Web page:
A 12 minute screencast showing an installation of OpenStack ‘Essex’ on Ubuntu 12.04 running on VirtualBox
OpenStack Essex Installation Screencast
Note that this screencast has no sound.
Configure VirtualBox with the following Network Interfaces:
eth1 host-only: 172.16.0.0/16
eth2 host-only: 10.0.0.0/8 Memory: 1536Mb Hard Disk: 20Gb System Processor (optional but recommended): Increase CPU from 1
Install Ubuntu 12.04, specifying eth0 as your default interface
Configure networking: eth1 is your public network set to be 172.16.0.0/16 eth2 is your private VLAN
Run an update on the machine, and reboot
Install Git which allows you to pull down a script to perform the installation of OpenStack
Running OpenStack under VirtualBox allows you to have a complete multi-node cluster that you can access and manage from the computer running VirtualBox as if you’re accessing a region on Amazon.
This is a complete guide to setting up a VirtualBox VM running Ubuntu, with OpenStack running on this guest and an OpenStack instance running, accessible from your host.
Part 1 – OpenStack on a single VirtualBox VM with OpenStack instances accessible from host
The environment used for this guide
A 64-Bit Intel Core i7 Laptop, 8Gb Ram.
Ubuntu 10.10 Maverick AMD64 (The “host”)
Access from host running VirtualBox only (so useful for development/proof of concept)
The proposed environment
OpenStack “Public” Network: 220.127.116.11/25
OpenStack “Private” Network: 10.0.0.0/8
Host has access to its own LAN, separate to this on 192.168.0.0/16 and not used for this guide
Add/Edit Host-only network so you have vboxnet0. This will serve as the “Public interface” to your cloud environment
Configure this as follows
IPv4 Address: 18.104.22.168
IPv4 Network Mask: 255.255.255.128
On your Linux host running VirtualBox, you will see an interface created called ‘vboxnet0′ with the address specified as 22.214.171.124. This will be the IP address your OpenStack instances will see when you access them.
Create a new Guest
OS Type: Linux
Version: Ubuntu (64-Bit)
Boot Hard Disk
Dynamically Expanding Storage
After this initial set up, continue to configure the guest
Edit the CD-ROM so that it boots Ubuntu 10.10 Live or Server ISO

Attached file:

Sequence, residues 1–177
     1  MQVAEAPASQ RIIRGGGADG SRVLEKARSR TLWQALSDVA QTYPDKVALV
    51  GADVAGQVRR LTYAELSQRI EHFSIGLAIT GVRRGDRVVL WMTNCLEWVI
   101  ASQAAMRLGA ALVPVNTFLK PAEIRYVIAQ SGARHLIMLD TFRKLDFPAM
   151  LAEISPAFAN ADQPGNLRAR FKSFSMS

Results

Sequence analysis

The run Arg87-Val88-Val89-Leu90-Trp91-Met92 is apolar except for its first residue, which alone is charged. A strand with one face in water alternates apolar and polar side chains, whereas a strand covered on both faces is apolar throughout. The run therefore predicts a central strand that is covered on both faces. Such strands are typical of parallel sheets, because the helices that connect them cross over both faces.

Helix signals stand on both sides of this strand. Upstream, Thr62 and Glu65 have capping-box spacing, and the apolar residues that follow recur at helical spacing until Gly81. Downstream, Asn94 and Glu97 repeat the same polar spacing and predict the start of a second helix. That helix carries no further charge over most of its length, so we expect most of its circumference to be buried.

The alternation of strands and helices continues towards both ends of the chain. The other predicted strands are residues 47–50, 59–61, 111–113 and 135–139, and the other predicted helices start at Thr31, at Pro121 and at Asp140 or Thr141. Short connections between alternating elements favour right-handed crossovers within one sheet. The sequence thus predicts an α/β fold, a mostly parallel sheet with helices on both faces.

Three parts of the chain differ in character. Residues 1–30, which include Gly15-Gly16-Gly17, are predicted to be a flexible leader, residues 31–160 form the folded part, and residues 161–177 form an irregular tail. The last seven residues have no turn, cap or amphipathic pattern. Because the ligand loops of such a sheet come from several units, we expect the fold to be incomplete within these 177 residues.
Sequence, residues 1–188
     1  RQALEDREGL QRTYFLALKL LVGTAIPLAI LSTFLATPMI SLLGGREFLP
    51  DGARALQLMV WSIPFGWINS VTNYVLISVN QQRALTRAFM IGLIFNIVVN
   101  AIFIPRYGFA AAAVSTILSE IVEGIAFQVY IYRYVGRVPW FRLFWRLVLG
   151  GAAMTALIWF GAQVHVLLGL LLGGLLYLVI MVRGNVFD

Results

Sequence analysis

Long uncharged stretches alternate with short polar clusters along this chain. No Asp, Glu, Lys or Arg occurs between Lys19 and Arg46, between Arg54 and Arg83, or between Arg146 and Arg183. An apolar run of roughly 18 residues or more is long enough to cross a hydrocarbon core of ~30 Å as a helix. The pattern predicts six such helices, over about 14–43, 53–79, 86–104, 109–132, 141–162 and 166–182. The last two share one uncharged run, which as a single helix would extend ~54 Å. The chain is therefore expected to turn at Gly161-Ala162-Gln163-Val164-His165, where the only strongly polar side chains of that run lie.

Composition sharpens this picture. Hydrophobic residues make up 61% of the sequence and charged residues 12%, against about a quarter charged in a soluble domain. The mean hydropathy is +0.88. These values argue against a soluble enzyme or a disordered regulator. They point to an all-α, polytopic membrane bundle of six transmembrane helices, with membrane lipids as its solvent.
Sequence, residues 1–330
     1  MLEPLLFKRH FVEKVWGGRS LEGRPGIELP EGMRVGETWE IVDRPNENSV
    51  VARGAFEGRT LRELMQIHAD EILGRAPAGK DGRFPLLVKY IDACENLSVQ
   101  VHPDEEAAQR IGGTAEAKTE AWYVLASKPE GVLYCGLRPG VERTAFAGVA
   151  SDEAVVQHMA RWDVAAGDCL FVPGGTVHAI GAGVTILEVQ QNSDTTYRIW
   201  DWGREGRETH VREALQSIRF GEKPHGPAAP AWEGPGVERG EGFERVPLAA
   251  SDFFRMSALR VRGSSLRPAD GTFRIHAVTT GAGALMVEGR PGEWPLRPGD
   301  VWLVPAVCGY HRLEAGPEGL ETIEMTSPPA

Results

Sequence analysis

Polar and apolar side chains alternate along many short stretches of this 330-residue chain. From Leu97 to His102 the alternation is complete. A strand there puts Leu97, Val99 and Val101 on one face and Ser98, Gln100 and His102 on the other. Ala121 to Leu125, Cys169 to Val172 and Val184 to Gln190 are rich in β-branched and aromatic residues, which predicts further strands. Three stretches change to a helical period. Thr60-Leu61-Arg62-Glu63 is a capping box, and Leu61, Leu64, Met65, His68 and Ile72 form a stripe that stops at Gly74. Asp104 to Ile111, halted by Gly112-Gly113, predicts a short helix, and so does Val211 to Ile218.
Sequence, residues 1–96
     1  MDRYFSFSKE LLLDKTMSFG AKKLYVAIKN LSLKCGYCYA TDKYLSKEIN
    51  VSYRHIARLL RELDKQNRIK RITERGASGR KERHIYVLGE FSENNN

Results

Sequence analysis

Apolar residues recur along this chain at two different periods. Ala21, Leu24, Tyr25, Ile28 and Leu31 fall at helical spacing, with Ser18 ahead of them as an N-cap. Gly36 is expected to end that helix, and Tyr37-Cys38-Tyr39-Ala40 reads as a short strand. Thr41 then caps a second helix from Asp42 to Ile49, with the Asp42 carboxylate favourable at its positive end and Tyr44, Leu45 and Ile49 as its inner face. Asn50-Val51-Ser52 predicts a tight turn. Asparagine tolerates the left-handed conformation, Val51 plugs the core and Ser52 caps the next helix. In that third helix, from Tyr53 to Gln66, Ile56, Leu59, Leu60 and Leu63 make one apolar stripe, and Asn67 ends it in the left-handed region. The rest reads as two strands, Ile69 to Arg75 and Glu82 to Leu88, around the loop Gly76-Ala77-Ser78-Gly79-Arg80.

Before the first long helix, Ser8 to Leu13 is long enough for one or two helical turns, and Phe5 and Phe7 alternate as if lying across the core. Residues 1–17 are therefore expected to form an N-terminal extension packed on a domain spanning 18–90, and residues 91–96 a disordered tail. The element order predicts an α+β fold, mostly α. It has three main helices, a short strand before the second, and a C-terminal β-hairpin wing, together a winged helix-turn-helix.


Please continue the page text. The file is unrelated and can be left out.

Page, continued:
Ensure that the SATA controller has Host I/O Cache Enabled (recommended by VirtualBox for EXT4 filesystems)
This will provide the default route to allow the VM to access the internet to get the updates, OpenStack scripts and software
Disable (just not required)
Power the guest on and install Ubuntu
For this guide I’ve statically assigned the guest with the IP: 126.96.36.199 for eth0 and netmask 255.255.255.128. This will be the IP address that you will use to access the guest from your host box, as well as the IP address you can use to SSH/SCP files around.
Once installed, run an update (sudo apt-get update&&sudo apt-get upgrade) then reboot
If you’re running a desktop, install the Guest Additions (Device… Install Guest Additions, then click on Places and select the VBoxGuestAdditions CD and follow the Autorun script), then Reboot
sudo apt-get -y install openssh-server
Grab this script to install OpenStack
This will set up a repository (ppa:nova/trunk) and install MySQL server where the information regarding your cloud will be stored
The options specified on the command line match the environment described above
Congratulations, you now have a working Cloud environment waiting for its first image and instances to run, with a user you specified on the command line (yourusername), the credentials to access the cloud and a project called ‘myproject’ to host the instances.
You now need to ensure that you can access any instances that you launch via SSH as a minimum (as well as being able to ping) – but I add in access to a web service and port 8080 too for this environment as my “default” security group.
Once the uec-publish-tarball command has been run, it will present you with a line with emi=, eri= and eki= specifying the Image, Ramdisk and Kernel as shown below. Highlight this, copy and paste back in your shell
You will see the Private IP that has been assigned to this instance, for example 10.0.0.3
To access this via SSH
ssh -i cloud/creds/openstack.pem email@example.com
(To log out of ttylinux, type: logout)
Congratulations, you now have an OpenStack instance running under OpenStack Nova, running under a VirtualBox VM!
To access this outside of the VirtualBox environment (i.e. back on your real computer, the host) you need to assign it a “public” IP
Associate this to the instance id (get from euca-describe-instances and will be of the format i-00000000)
This will return an IP address that has been assigned to your project so that you can now associate to your instance, e.g. 188.8.131.52
euca-associate-address -i i-00000001 184.108.40.206
Now back on your host (so outside of VirtualBox), grab a copy of cloud/creds directory
scp -r firstname.lastname@example.org:cloud/creds .
You can now access that host using the Public address you associated to it above
ssh -i cloud/creds/openstack.pem email@example.com
CONGRATULATIONS! You have now created a complete cloud environment under VirtualBox that you can manage from your computer (host) as if you’re managing services on Amazon. To demonstrate this you can terminate that instance you created from your computer (host)